A computer can do only what a programmer asks it to do. To perform a particular task the programmer writes a sequence of instructions, called a "Program". An instruction is a command given to the computer to perform a certain specified operation on a given data. A set of programs written for a computer is called 'software'. As the computer cannot think on its own, the programmer has to provide a method to solve a problem.

The first step in tackling a problem is to define the problem. Then the programmer writes the procedure how to solve the problem. The procedure must be written in the form of a series of steps in a logical sequence. A precise statement of the procedure required to solve a problem is called an 'algorithm'. Having obtained the algorithm for solving a problem, the algorithm is expressed in a pictorial form called a 'flow chart'. It provides a visual indication of the steps involved in the procedure and the logical sequence in which the steps are performed. The flow chart is very much helpful in writing the actual program which contains the precise computer instructions to be performed in a given order.

Bolometer Method of Power Measurement

In this method of R.F. power measurement, the unknown power will be absorbed in a specially constructed bolometer element of resistance material. The resultant temperature raise is then detected by measuring the change in bolometer resistance using a bridge circuit.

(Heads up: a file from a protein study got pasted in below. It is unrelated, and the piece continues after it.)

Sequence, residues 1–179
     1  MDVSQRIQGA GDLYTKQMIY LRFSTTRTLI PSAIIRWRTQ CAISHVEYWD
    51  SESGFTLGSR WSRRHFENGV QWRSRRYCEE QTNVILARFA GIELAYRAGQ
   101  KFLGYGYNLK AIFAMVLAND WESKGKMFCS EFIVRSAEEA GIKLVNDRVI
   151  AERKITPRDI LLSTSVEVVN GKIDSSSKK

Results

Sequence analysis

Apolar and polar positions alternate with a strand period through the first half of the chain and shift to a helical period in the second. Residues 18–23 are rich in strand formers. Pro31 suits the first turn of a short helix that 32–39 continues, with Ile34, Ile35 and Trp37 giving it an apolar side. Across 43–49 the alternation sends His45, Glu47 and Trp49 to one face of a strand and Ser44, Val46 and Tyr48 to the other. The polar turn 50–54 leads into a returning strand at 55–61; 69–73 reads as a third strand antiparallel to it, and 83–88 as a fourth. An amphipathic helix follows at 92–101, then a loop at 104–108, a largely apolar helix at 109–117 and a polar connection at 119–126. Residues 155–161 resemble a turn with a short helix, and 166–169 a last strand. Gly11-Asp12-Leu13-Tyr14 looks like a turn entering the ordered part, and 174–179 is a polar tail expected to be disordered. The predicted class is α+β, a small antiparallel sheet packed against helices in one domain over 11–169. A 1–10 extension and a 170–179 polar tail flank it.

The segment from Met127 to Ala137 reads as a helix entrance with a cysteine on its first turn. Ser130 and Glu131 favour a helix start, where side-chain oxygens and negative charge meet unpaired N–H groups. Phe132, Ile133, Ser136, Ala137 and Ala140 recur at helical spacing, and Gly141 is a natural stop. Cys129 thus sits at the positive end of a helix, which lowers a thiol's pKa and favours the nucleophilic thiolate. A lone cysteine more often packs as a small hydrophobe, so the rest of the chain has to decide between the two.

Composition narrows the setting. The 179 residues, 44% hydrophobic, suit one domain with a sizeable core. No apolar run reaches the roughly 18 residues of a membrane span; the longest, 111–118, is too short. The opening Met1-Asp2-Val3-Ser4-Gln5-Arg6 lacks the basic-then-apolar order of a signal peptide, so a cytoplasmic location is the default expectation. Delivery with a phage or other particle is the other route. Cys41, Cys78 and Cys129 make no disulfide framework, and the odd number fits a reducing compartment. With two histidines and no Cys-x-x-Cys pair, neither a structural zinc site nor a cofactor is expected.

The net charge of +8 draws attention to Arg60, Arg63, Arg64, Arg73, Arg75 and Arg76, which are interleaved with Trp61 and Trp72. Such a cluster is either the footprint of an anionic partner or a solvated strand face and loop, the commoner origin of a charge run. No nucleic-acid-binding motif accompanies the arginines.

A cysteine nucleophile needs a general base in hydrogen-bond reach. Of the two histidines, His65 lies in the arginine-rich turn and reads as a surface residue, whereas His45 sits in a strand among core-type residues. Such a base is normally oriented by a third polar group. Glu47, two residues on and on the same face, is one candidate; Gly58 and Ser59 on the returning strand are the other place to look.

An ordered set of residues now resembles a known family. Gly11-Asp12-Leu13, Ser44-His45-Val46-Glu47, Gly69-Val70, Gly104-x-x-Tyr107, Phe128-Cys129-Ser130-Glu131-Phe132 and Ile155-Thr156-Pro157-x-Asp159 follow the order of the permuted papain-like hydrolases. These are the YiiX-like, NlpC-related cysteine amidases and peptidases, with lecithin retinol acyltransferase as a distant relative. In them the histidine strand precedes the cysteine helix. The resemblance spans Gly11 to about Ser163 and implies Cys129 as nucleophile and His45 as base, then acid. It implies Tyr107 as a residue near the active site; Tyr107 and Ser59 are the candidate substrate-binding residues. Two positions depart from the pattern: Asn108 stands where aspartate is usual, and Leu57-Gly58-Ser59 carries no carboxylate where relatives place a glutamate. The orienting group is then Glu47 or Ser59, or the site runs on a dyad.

(a) Bolometer:

A bolometer consists of a coaxial cable for the input through which the R.F. power will be fed . The cable has a short tapered section to transform the line impedance to that of the bolometer. A stub provides a ground return path as provided by a capacitor for the R.F. currents.

The bolometer consists of an element, which may be a thermistor or a barretter. A barretter is basically a wire mounted in a catridge similar to a fuse. Its resistance increases, with temperature. A thermistor is a small semiconductor bead with connecting wires. It has a negative temperature coefficient. The bead material is a mixture of manganese and nickel oxides combined with finely divide copper particles to control the resistivity. The bead diameter is about 0.5 cm. There are several shapes of thermistors. They are available as rods disks, washers or flakes.

The bolometer element is connected to the bridge. The bridge will be excited simultaneously by direct current from the voltage source and by the alternating voltage at audio frequency. Thus the bolometer element is simultaneously heated by the D.C. power, audio frequency power and radio frequency power being measured. The resistance of the bolometer is dependent on the total power and is dependent on where this power comes from.